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I'm 26 but my Eyelids Are So Heavy. How Can I Fix Them? (photo)

I've always had slightly heavy eyelids but lately they are so bad they make me groggy having it push on my lid all day. Is this something I need surgery for or botox? Or is there anything else I can do? It's making me crazy. Thank you

Doctor Answers (10)

Option to address heavy eyelids at age 26

+1

A blepharoplasty to conservatively remove extra heaviness in the mid to lateral eyelid area will alleviate how heavy your eyelids appear.  The incision would be placed in the natural crease of your eyelid and closed with dissolvable stitches.

Seattle Facial Plastic Surgeon
5.0 out of 5 stars 52 reviews

Upper Eyelid Blepharoplasty Candidate

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Highly unlikely that Botox is indicated here.  Rather, you may be a very reasonable candidate for an upper eyelid blepharoplasty which, despite your young age, is not contraindicated, and in fact can make a huge difference.

Web reference: http://www.plasticsurgeryoftheface.com/pages/eyelid-surgery.htm

Miami Facial Plastic Surgeon
4.5 out of 5 stars 40 reviews

I'm 26 but my Eyelids Are So Heavy. How Can I Fix Them?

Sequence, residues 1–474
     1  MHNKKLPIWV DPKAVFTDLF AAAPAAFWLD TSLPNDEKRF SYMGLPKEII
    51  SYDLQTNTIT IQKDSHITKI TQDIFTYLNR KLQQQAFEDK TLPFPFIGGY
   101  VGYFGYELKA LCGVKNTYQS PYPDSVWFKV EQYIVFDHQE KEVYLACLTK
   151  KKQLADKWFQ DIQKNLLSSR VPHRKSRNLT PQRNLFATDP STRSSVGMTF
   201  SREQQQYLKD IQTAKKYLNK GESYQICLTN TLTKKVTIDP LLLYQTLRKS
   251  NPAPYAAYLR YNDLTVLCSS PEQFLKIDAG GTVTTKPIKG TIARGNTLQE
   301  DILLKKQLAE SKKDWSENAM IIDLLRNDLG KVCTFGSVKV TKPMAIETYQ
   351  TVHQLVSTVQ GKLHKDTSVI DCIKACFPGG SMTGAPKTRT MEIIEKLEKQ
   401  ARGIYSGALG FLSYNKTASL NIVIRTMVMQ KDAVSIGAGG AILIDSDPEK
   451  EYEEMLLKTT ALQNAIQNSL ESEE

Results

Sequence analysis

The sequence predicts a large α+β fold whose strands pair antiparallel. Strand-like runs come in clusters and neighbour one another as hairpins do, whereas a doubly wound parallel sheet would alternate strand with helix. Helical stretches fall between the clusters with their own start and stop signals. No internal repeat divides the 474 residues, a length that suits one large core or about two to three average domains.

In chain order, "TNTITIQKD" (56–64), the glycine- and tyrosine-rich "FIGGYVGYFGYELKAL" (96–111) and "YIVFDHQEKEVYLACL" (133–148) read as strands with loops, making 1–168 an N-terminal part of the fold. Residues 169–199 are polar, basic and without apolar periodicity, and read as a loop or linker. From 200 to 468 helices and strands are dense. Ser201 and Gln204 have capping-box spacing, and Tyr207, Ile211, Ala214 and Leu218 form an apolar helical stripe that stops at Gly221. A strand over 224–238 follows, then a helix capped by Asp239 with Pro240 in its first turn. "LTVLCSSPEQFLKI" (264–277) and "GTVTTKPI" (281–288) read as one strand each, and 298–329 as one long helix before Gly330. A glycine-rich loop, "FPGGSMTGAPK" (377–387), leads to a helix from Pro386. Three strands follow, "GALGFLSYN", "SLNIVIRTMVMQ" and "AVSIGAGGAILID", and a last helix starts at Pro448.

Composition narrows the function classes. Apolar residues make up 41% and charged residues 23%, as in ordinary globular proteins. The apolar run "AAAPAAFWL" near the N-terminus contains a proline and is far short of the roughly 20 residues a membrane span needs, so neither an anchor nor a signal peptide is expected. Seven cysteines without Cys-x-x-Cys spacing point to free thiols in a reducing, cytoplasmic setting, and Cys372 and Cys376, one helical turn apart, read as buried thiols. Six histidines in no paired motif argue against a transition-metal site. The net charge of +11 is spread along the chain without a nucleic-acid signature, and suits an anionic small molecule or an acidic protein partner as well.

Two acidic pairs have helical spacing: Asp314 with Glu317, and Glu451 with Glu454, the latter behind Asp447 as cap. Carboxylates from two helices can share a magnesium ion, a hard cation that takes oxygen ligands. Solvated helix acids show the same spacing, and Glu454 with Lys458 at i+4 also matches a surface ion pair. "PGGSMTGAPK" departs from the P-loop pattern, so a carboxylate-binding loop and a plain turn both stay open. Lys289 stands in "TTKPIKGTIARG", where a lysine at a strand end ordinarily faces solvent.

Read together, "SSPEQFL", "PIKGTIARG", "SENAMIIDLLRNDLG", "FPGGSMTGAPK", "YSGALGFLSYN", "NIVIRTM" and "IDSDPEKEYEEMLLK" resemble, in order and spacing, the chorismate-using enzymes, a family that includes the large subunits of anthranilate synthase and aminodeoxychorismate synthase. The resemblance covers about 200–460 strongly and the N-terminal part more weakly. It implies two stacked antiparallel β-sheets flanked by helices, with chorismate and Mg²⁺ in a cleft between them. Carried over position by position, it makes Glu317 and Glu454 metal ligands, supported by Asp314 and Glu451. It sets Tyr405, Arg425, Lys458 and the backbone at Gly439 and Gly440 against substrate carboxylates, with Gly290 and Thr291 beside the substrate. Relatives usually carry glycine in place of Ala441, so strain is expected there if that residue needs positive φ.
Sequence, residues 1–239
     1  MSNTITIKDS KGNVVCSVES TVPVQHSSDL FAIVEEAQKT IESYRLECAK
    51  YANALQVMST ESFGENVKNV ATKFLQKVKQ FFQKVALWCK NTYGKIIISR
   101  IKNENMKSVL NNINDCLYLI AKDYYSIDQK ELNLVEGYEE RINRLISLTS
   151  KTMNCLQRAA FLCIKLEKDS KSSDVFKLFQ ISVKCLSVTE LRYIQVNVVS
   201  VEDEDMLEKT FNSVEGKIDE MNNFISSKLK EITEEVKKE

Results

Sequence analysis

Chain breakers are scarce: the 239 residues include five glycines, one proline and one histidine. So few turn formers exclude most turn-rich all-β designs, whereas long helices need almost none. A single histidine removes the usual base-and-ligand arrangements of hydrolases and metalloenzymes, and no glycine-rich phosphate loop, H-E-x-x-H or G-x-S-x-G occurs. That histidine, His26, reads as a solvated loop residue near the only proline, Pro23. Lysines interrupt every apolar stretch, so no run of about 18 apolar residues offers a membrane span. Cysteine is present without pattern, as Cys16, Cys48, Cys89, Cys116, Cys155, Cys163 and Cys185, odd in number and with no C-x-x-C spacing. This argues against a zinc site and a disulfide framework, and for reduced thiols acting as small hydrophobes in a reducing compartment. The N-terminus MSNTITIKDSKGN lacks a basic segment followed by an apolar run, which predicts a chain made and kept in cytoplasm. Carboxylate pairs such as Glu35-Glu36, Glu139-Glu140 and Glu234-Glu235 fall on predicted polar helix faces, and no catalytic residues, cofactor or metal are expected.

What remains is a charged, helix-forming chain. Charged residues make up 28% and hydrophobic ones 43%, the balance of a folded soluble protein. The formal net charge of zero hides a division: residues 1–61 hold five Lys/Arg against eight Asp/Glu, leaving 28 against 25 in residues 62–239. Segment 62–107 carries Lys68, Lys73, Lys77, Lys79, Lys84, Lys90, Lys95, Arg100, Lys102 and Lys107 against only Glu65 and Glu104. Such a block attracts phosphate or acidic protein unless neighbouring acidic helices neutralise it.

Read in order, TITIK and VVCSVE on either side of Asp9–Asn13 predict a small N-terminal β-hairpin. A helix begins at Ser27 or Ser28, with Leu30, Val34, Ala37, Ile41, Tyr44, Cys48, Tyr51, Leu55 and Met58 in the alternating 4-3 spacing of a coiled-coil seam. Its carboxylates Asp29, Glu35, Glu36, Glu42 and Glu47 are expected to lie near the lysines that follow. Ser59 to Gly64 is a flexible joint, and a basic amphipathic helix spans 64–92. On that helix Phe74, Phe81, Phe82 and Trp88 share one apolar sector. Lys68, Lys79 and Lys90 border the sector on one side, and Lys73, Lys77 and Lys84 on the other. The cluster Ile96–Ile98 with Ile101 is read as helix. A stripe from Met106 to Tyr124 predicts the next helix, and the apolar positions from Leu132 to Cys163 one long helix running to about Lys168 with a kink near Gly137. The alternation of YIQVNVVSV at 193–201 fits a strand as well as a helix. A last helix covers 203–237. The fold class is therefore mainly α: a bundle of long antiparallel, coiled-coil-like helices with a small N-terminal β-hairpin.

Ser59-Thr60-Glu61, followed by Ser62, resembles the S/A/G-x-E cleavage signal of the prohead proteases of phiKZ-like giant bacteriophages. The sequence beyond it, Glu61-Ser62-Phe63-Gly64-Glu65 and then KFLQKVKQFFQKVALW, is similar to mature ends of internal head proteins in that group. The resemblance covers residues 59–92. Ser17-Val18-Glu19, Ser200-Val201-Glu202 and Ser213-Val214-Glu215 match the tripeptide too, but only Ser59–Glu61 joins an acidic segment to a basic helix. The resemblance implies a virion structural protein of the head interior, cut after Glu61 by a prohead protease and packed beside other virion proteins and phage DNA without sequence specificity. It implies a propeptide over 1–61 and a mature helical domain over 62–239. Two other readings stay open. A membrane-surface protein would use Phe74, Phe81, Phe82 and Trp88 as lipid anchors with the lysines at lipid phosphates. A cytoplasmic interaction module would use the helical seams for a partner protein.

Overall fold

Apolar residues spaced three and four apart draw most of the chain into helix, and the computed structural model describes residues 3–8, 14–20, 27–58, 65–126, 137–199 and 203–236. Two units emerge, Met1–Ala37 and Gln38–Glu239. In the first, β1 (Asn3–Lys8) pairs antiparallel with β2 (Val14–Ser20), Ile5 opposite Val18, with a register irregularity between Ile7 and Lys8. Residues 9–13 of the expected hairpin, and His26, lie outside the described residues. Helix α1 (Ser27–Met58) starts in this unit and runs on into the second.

+1

 At 26 years of age, it's most likely that your eyebrows are low and this is causing the fullness of the upper eyelids.  This should be confirmed by an in person consultation during which your eyebrows are placed in the proper aesthetic position and the upper eyelid fullness disappears.

This would indicate a Brow Lift is the procedure of choice.  If an upper eyelid surgery was done instead, the eyebrows would actually be pulled down further after the surgery was done.  Lateral or partial Brow Lifts do not work or last and should be avoided IMO if at all possible unless you're seeking a short-term solution only.

Web reference: http://www.thepalmercodeinstitute.com

Beverly Hills Facial Plastic Surgeon
4.5 out of 5 stars 12 reviews

Lateral hooding of eye brow and eye lids

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There are procedures to change the way you look. Your main issue is the prominant lateral orbital rim. As long as you understand you are trying to change the way you look not to correct an aging eyebrow and eyelid there are procedures just for that.

Orange County Facial Plastic Surgeon

I'm 26 but my Eyelids Are So Heavy. How Can I Fix Them?

+1

The one posted photos can not replace in person evaluation. But you might have either lateral brow ptosis or lateral upper lid hooding or both. Again in person examination will serve you better. 

Miami Plastic Surgeon
4.5 out of 5 stars 55 reviews

I'm 26 but my Eyelids Are So Heavy. How Can I Fix Them?

+1

If you look through the popular magazines by the grocery checkout counter and you look at the young stars, a lot of them have upper lids just like yours and they make a living on their good looks. Your lids look great. There are surgical procedures to change your looks, but I would definitely counsel you to avoid them at this point.

Portland Plastic Surgeon
5.0 out of 5 stars 8 reviews

It is essential that you know what you are looking at.

+1

Hi Niki